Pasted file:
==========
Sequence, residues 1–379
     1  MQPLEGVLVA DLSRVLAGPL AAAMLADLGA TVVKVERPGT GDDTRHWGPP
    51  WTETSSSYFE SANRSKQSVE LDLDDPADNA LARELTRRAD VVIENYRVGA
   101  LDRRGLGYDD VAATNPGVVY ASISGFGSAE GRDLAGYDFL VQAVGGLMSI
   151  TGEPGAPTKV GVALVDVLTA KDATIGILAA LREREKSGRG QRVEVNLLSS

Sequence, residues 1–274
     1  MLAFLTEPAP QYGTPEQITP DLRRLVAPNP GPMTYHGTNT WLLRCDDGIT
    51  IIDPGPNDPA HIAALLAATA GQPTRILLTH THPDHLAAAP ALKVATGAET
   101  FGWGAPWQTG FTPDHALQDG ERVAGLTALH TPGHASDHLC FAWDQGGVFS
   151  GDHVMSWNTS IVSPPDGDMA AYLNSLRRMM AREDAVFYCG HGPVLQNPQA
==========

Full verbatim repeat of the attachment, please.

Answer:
Sequence, residues 1–379
     1  MQPLEGVLVA DLSRVLAGPL AAAMLADLGA TVVKVERPGT GDDTRHWGPP
    51  WTETSSSYFE SANRSKQSVE LDLDDPADNA LARELTRRAD VVIENYRVGA
   101  LDRRGLGYDD VAATNPGVVY ASISGFGSAE GRDLAGYDFL VQAVGGLMSI
   151  TGEPGAPTKV GVALVDVLTA KDATIGILAA LREREKSGRG QRVEVNLLSS

Sequence, residues 1–274
     1  MLAFLTEPAP QYGTPEQITP DLRRLVAPNP GPMTYHGTNT WLLRCDDGIT
    51  IIDPGPNDPA HIAALLAATA GQPTRILLTH THPDHLAAAP ALKVATGAET
   101  FGWGAPWQTG FTPDHALQDG ERVAGLTALH TPGHASDHLC FAWDQGGVFS
   151  GDHVMSWNTS IVSPPDGDMA AYLNSLRRMM AREDAVFYCG HGPVLQNPQA